market this year, is pursuing onshore farms, which are cheaper
to build for power than coal-fired plants.

So the focus remains on the North Sea for offshore wind and
related grid connections as Britain targets renewable energy for
a 7-fold increase in offshore wind to 13,000 megawatts by 2020.

At least 114 billion euros, and up to 152 billion euros, of
investments are needed in the next eight years to build as much
as 35,500 megawatts of offshore wind in the North Sea, including
Britain and Germany, according to New Energy Finance.

Germany, ending nuclear power production following last
year’s Japan disaster, wants to boost sea wind production to
10,000 megawatts, with turbines contributing as much as 5.7
percent of gross energy production. France wants to go from no
offshore wind production to 6,000 megawatts in eight years.

Shanghai Bridge

China, forecast to be the second-largest market for
offshore wind outside the U.K., completed its first project, the
102-megawatt Shanghai East Sea Bridge, in 2010.

China’s government is targeting 5,000 megawatts of offshore
wind by 2015 and 30,000 by 2020 yet lack of experience and
limited access to capital is likely to result in only 4.2
megawatts getting built within three years, according to BNEF.

Technip delivered the first floating offshore wind turbine
in 2009 and established an offshore wind unit last May after
acquiring the Scottish cable installer Subocean Group.

“We see offshore wind as a natural fit in wishing to
diversify and become a company involved with different aspects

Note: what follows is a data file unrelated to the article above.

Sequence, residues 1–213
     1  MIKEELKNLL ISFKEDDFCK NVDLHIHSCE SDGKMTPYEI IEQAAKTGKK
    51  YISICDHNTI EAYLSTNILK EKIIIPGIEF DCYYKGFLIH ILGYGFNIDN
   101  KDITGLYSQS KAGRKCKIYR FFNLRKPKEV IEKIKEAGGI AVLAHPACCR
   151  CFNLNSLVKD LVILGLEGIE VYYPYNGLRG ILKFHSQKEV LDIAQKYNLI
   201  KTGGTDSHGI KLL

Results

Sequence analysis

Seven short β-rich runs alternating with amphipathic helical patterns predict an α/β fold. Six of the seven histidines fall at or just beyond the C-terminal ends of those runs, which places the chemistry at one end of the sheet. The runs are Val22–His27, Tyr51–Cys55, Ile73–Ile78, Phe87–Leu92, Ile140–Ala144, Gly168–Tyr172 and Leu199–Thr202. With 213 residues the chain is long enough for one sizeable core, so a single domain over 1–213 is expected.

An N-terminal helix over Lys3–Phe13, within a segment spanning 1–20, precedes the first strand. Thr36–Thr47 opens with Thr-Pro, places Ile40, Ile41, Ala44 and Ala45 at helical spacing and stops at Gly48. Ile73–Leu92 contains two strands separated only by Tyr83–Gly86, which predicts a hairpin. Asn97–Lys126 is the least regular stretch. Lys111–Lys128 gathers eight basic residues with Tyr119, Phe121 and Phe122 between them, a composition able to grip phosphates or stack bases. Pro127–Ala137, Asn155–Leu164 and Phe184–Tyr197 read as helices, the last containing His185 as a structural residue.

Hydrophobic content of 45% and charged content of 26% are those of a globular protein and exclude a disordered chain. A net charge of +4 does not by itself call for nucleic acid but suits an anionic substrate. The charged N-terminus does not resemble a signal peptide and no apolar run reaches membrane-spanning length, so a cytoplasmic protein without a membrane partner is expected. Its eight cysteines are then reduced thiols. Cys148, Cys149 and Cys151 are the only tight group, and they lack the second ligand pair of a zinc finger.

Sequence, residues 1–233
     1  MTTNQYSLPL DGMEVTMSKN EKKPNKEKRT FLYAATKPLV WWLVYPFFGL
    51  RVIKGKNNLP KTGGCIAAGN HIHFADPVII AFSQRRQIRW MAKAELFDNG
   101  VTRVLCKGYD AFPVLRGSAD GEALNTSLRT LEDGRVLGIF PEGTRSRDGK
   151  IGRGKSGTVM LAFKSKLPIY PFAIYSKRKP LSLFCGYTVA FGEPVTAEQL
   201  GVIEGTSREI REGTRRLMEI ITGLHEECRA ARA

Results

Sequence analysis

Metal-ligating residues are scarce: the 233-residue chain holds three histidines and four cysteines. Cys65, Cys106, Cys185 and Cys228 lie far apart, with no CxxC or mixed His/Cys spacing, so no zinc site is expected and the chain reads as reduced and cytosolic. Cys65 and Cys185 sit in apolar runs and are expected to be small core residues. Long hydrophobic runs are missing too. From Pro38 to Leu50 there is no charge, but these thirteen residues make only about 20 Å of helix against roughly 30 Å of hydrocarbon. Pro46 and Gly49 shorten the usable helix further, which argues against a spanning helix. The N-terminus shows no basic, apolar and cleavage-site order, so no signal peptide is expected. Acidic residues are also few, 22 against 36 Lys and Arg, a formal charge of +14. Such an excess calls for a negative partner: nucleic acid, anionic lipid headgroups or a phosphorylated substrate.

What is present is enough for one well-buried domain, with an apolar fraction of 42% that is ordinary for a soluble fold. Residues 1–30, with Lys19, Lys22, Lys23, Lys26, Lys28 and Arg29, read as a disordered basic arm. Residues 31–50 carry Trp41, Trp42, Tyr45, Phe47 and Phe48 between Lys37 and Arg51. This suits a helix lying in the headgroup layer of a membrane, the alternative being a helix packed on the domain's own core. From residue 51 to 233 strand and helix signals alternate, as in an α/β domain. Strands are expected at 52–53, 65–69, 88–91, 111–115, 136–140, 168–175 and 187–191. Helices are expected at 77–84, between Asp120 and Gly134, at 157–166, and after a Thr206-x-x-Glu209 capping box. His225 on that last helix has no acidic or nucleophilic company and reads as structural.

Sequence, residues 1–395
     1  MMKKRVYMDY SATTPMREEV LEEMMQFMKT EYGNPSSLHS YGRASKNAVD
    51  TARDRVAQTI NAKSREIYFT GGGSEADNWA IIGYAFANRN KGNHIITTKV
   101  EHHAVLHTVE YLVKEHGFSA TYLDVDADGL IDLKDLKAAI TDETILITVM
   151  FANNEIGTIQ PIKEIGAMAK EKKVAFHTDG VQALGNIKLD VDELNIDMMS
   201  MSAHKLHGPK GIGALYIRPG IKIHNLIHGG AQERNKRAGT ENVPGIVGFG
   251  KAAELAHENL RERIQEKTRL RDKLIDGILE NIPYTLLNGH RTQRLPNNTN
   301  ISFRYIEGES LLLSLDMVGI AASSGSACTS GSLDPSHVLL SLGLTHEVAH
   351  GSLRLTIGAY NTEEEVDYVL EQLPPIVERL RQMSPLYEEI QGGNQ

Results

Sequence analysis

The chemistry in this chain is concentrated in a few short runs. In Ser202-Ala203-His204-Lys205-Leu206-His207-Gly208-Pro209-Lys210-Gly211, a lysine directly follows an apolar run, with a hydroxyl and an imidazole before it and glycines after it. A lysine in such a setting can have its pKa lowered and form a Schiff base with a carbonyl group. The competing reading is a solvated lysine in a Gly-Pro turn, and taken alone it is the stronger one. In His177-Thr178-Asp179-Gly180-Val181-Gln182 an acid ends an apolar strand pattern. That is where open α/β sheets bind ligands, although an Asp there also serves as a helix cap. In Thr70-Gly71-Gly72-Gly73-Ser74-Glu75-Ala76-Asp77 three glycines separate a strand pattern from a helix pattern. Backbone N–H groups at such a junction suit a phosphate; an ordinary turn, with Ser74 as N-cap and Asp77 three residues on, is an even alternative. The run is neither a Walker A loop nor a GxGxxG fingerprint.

of the energy business whilst still maintaining our core
capabilities,” Ron Coockson, head of offshore wind for Paris-
based Technip, said in an e-mail.

Support Vessels

The world’s biggest oil industry supply and crew ship
fleet, Bourbon SA (GBB), started doing work in the offshore wind
sector in 2010, Chief Operating Officer Gael Bodenes said in a
phone interview. Company crew boats, anchor-handling tugs,
offshore supply and subsea support vessels have worked on
projects in the U.K., Germany and Portugal, he said.

“There is no doubt that offshore wind will compete with
oil and gas for jobs and that’s good in some ways as it will
employ people as oil and gas declines,” SSE Plc director
Alistair Phillips-Davies said in a London interview.

Most of the skills to work on an offshore wind farm,
including installing pipes and cables, are the same as the oil
and gas sector, said Stephen Reynolds, a former oil and gas
engineer for Qatar Liquefied Gas Co. who now installs Siemens AG (SIE)
turbines at the 1,000-megawatt London Array wind project.

Sixty percent of companies recruiting for U.K. offshore
wind positions received applications from the oil and gas
sector, according to research by Trends Business Research Ltd.
for Renewable U.K.

“This is an opportunity to create highly skilled jobs and
that can’t be a bad thing,” Renewable U.K. training network
director Steve Green said.

To contact the reporter on this story:
Kari Lundgren in London at
klundgren2@bloomberg.net

To contact the editor responsible for this story:
Will Kennedy at
wkennedy3@bloomberg.net

Comments are closed.